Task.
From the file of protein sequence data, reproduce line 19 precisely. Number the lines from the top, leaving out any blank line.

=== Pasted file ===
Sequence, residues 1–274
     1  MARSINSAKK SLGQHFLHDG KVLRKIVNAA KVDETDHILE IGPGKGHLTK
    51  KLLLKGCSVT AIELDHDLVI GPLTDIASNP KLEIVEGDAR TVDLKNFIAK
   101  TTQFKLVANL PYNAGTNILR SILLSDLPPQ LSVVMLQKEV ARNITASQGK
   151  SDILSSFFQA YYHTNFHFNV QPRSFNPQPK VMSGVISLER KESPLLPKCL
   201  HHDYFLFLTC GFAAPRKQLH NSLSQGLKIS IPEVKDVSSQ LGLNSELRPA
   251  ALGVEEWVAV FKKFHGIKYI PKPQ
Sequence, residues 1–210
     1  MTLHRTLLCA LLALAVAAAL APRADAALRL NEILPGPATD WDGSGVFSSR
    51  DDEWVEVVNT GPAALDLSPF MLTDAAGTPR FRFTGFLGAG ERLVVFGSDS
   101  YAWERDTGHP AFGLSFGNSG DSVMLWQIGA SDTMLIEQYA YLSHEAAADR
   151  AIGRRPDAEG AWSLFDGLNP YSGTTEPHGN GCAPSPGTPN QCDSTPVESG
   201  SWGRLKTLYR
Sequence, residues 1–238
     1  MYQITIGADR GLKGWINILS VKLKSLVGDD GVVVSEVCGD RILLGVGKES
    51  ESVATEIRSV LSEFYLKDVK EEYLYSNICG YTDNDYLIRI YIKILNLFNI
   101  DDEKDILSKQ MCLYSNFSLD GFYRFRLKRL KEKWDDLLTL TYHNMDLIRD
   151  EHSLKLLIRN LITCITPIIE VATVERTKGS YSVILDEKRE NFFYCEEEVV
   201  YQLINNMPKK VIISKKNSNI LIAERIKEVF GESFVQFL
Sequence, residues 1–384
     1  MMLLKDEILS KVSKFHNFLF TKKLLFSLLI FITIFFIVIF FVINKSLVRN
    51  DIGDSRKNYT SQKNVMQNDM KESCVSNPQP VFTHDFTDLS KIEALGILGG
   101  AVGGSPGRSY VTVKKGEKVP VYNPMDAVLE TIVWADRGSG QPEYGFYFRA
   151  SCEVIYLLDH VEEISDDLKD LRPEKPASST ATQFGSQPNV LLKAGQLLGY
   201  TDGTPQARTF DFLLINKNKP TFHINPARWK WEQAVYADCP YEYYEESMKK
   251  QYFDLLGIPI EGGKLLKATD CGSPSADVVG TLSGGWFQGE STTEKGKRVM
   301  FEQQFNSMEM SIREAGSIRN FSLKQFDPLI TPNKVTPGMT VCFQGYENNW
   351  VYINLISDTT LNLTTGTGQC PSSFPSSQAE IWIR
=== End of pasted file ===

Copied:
   201  YQLINNMPKK VIISKKNSNI LIAERIKEVF GESFVQFL